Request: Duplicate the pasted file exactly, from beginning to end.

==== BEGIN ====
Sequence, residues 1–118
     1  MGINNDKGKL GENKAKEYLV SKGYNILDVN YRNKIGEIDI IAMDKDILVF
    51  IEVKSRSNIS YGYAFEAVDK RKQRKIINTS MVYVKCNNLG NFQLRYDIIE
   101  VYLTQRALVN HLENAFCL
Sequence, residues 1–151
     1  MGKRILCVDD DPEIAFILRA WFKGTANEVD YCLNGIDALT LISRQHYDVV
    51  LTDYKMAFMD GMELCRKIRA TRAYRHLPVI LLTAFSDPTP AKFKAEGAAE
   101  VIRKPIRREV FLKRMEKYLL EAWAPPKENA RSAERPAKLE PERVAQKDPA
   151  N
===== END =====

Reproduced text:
Sequence, residues 1–118
     1  MGINNDKGKL GENKAKEYLV SKGYNILDVN YRNKIGEIDI IAMDKDILVF
    51  IEVKSRSNIS YGYAFEAVDK RKQRKIINTS MVYVKCNNLG NFQLRYDIIE
   101  VYLTQRALVN HLENAFCL
Sequence, residues 1–151
     1  MGKRILCVDD DPEIAFILRA WFKGTANEVD YCLNGIDALT LISRQHYDVV
    51  LTDYKMAFMD GMELCRKIRA TRAYRHLPVI LLTAFSDPTP AKFKAEGAAE
   101  VIRKPIRREV FLKRMEKYLL EAWAPPKENA RSAERPAKLE PERVAQKDPA
   151  N